Cleven, Martin: Systematic Study of Hadronic Molecules in the Heavy Quark Sector. - Bonn, 2014. - Dissertation, Rheinische Friedrich-Wilhelms-Universität Bonn.
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author = {{Martin Cleven}},
title = {Systematic Study of Hadronic Molecules in the Heavy Quark Sector},
school = {Rheinische Friedrich-Wilhelms-Universität Bonn},
year = 2014,
month = jan,

note = {In this work we have studied properties of hadronic molecules in the heavy quark sector. These have become increasingly important since from the beginning of this century a large number of states have been measured that for different reasons do not fit the predictions of simple quark models. Theorists have proposed different explanations for these states including tetraquarks, hybrids, hadro-quarkonia and, subject of this work, hadronic molecules. The study of these new states promises to provide insights in an important field of modern physics, the formation of matter by the strong force. Hadronic molecules are bound systems of hadrons in the same way two nucleons form the deuteron. For this the molecular states need to be located close to S-wave thresholds of their constituents. The dynamics of their constituents will have a significant impact on the molecules which allows us to make predictions that are unique features of the molecular assignement.
Here we focus on two candidates in the open charm sector, D s0*(2317) and D s1(2460), and two candidates in the bottomonium sector, Zb(10610) and Zb(10650). The DsJ are located similarly far below the open charm thresholds DK and D*K. Since the spin dependent interactions of the pseudoscalar and vector charmed mesons are suppressed in the heavy quark limit the interpretation of these two states as mainly DK and D*K bound states naturally explains their similarities.
The more recently discovered states Zb(10610) and Zb(10650), located very close to the open bottom thresholds B* B‾+c.c. and B* B‾*, respectively, are manifestly non-conventional. Being electromagnetically charged bottomonia these states necessarily have at least four valence quarks. We can explain that together with the fact that they decay similarly into final states with S- and P-wave bottomonia if we assume they are B* B‾+c.c. and B* B‾* molecules, respectively. Since the current experimental situation in both cases does not allow for final conclusions we try to point out quantities that, once measured, can help to pin down the nature of these states.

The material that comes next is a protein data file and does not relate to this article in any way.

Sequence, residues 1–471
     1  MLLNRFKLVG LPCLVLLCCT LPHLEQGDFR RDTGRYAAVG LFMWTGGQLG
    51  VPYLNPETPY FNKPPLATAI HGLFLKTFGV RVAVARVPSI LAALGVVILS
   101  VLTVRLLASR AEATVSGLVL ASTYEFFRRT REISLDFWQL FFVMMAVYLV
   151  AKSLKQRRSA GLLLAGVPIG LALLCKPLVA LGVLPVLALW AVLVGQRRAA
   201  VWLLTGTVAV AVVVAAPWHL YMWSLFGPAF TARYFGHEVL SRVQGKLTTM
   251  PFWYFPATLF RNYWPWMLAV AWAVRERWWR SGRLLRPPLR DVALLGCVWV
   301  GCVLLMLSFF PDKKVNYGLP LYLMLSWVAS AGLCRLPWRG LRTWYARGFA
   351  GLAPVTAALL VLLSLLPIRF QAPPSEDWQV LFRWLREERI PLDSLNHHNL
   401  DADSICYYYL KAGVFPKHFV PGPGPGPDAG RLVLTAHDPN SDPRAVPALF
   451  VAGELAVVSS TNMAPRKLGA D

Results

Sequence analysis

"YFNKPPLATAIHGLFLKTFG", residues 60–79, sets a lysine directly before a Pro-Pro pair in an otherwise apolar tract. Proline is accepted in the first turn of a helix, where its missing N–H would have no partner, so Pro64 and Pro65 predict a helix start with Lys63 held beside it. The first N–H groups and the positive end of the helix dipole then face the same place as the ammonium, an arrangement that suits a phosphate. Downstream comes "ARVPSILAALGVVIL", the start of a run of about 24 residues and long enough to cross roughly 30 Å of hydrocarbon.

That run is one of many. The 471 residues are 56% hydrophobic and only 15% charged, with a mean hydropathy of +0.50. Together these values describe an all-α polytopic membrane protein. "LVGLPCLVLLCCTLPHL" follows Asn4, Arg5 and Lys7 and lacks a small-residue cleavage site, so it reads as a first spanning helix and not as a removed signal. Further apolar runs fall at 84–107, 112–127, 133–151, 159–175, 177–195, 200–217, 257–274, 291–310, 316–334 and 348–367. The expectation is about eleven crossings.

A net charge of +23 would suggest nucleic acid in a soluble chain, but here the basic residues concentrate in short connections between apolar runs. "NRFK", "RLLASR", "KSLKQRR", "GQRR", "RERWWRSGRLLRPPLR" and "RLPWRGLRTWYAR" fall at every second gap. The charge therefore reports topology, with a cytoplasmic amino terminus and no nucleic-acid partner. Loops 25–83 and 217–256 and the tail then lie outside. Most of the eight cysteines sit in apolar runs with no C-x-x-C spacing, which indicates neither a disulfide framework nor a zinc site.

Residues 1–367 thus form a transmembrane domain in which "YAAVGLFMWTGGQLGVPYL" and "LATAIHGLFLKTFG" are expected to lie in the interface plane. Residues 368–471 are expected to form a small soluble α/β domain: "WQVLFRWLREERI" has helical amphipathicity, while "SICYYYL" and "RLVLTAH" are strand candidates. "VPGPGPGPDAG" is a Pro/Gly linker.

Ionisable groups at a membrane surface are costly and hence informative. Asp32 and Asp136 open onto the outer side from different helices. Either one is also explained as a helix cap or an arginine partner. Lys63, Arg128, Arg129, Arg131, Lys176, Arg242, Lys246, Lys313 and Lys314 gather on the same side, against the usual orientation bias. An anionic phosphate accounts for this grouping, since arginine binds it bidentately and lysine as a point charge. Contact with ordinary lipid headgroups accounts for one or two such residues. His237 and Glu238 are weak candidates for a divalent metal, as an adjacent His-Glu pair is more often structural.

For the DsJ we can make use of the fact that the interactions between charmed mesons and Goldstone bosons are dictated by chiral symmetry. This means that we can calculate the coupled channel scattering amplitudes for DK and Dsη and their counterparts with charmed vector mesons. D s0*(2317) and D s1(2460) can be found as poles in the unitarized scattering amplitudes. We can calculate the dependence of these poles on the the strange quark mass and the averaged mass of up and down quark. This makes the result comparable to lattice calculations. Solving QCD exactly on the lattice can help us to understand the nature of the DsJ states while in the meantime it possibly takes one more decade until the PANDA experiment at FAIR will be able to judge if the molecular assignement is correct.
Furthermore we calculate the radiative and hadronic two-body decays. Here we find that in the molecular picture the isospin symmetry violating decays D s0*(2317)Ds*π and D s1(2460)→ Ds*π are about one order of magnitude larger than the radiative decays. This is a unique feature of the molecular interpretation --- compact c‾ s states have extremely suppressed hadronic decay rates. At the same time the radiative decays have comparable rates regardless of the interpretation. In conclusion the hadronic decay widths are the most promising quantities to experimentally determine the nature of D s0*(2317) and D s1(2460).
The methods we used in the open charm sector cannot be applied to the bottomonia one-to-one. Since we do not know the interaction strength between open bottom mesons we cannot obtain the state as a pole in a unitarized scattering matrix. We therefore need different quantities to explore the possible molecular nature. In a first attempt we show that the invariant mass spectra provided by the Belle group can be reproduced by assuming the Zb(*) are bound states located below the B* B‾+c.c. and B* B‾* thresholds, respectively.
Furthermore we present the dependence of the lineshape on the exact pole position. An important conclusion here is that for near threshold states like the Zb(*) a simple Breit Wigner parametrization as it is commonly used by experimental analyses is not the appropriate choice. Instead we suggest to use a Flatté parametrization in the proximity of open thresholds.
The second part of the discussion of the ZB states includes calculations of two-body decays. In particular we present the final states Υ π and hbπ which have already been seen by experiment and make predictions for a new final state χ bγ. The rates into this new final state are large enough to be seen at the next-generation B-factories.},

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